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Top 6: May 6th 2015

Volkswagen: Reduce Speed Dial

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Top 6: May 6th 2015
Dangerous decisions on the road occur due to momentary lapses in judgment. Our rational, responsible selves take a backseat to the irrational person racing to a meeting, or overtaking a frustratingly slow driver. The Volkswagen Reduce Speed Dial experiment aimed to disrupt behaviour at this critical moment.

In a controlled experiment conducted by Colenso and FINCH, directed by Luke Bouchier - four families were supplied with Volkswagen Golfs. Unbeknown to the parents, we created a replacement panel for the speedo. They followed all of the clarity and safety restrictions of a standard speedo, but the dial was personally hand written by one of their children. This simple, personal mnemonic aimed to remind our parents what they have to live for at the exact moment they considered speeding.

We followed our Kiwi families and their driving habits to understand the impact of this idea and whether we could in fact, engineer safer drivers. The results, whilst indicative at this stage, have been very promising:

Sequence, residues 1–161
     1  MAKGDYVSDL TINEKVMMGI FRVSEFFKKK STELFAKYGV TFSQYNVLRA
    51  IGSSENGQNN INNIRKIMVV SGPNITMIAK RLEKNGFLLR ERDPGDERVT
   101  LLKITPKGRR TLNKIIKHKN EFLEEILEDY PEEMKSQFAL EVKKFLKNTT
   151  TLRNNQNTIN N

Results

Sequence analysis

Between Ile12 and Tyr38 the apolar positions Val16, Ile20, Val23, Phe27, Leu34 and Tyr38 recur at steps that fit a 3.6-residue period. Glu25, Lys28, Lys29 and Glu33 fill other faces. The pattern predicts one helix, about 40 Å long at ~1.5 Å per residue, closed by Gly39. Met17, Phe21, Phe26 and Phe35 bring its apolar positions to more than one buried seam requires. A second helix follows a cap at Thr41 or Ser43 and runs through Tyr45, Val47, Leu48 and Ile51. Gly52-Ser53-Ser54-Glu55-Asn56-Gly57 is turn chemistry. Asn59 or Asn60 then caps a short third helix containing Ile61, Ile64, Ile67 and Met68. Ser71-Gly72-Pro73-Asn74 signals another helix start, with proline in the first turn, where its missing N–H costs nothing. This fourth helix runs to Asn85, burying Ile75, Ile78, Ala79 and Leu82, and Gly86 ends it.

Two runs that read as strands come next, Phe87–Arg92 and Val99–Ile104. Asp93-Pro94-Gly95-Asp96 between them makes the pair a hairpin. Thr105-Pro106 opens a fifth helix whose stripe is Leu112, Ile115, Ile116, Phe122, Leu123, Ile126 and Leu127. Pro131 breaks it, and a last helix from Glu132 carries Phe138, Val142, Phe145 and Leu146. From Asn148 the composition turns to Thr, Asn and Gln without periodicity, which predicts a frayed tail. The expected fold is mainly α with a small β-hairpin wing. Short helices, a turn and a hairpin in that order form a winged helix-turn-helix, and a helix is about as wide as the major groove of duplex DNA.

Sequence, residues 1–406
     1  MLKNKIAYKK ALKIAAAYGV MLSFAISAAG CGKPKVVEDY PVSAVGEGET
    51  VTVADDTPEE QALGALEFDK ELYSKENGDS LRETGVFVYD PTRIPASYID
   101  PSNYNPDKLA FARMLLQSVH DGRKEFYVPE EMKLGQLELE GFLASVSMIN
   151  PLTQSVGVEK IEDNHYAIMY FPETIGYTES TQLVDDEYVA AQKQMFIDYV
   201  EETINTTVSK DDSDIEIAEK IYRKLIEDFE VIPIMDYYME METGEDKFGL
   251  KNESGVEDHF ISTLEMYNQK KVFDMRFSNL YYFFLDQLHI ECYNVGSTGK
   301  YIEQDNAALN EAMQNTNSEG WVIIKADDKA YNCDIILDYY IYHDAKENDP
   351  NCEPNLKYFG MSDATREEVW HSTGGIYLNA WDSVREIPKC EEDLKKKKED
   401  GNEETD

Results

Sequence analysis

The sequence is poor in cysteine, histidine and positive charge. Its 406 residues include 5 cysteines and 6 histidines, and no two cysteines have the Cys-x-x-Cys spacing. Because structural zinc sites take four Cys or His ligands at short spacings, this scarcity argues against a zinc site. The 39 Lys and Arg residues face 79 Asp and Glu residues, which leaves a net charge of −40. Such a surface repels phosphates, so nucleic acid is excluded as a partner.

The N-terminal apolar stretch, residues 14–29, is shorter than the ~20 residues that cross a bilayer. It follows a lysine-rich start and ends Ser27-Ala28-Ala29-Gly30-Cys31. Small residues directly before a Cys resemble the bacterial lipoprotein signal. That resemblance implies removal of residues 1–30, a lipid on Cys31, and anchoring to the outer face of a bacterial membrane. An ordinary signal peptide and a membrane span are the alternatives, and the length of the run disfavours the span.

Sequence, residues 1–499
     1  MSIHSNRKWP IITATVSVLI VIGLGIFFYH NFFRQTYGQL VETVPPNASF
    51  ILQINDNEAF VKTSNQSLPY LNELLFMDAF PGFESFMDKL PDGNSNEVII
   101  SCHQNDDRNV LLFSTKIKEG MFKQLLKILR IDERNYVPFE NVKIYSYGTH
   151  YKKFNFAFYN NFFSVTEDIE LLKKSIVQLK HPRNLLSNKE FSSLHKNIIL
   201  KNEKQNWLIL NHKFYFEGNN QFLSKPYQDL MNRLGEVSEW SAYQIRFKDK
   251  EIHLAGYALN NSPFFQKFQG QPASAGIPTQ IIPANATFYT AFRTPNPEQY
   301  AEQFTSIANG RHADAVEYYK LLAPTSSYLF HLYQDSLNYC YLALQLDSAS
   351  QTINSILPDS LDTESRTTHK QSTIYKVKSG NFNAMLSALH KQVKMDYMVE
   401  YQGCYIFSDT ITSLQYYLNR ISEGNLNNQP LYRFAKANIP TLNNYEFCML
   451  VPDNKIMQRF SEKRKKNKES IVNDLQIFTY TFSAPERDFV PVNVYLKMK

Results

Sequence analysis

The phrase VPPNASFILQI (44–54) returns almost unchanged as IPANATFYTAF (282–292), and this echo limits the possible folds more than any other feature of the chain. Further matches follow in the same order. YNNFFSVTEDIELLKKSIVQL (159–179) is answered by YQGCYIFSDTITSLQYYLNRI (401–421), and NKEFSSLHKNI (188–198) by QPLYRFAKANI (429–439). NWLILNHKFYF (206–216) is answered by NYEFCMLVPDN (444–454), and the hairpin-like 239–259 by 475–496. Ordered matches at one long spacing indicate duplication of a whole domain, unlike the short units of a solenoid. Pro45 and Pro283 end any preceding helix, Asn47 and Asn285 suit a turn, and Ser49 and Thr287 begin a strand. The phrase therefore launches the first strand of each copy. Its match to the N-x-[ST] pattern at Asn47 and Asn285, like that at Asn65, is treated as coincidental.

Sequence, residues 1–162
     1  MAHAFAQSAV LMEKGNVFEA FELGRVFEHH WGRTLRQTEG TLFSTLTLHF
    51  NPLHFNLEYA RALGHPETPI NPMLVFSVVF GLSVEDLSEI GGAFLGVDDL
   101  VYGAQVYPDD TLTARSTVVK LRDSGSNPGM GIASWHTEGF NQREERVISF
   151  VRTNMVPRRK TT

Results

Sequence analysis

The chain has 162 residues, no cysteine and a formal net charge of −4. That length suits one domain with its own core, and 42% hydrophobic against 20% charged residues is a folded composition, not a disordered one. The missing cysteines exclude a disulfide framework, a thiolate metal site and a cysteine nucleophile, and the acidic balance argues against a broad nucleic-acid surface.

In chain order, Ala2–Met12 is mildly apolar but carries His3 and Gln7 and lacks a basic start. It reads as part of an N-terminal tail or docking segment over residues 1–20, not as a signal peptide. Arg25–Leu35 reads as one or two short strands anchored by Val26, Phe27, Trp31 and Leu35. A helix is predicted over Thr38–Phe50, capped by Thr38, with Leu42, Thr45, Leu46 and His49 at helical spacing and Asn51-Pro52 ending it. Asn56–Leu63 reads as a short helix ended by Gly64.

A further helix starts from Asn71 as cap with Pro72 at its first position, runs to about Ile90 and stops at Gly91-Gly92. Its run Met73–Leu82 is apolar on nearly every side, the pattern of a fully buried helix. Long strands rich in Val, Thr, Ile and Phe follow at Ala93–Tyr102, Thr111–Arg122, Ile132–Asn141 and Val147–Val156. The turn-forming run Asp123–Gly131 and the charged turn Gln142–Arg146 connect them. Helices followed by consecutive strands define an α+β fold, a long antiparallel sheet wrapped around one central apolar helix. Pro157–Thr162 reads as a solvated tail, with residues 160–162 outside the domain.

- One family had no recorded speed infringements after the installation of the personalised speed dial

- One family reduced their top speed by 19kmh from a max of 123km to a max of 104km

- Half of the drivers’ maximum speeds reduced after fitting their personalised speed dial

- Three out of the four drivers reduced their incidence of speeding in 100km zones by 50%.

Overall, all of the families reduced their speed in multiple driving situations.

Tom Ruddenklau, General Manager at Volkswagen New Zealand, said, “With Volkswagen Group the biggest spending R&D company in the world, we focus on engineering safer cars year after year. But safety ratings don’t change driver behaviour – and there’s an opportunity for our brand to do our bit in trialling some things that may. It was a great opportunity to work with four Kiwi families to investigate a simple idea that may one day help us all”.

Nick Worthington, Creative Chairman Colenso BBDO, added, “As with most problems we often overlook the most simple answer. We hope that the results from this early trial help to direct more focus on the cause of the vast majority of crashes – the driver. This has been an emotional process for everyone involved and we believe that having a simple reminder from a loved one in front us at the exact moment when you are thinking about speeding is a brilliant way to make people think about everything and everyone they have to live for.”

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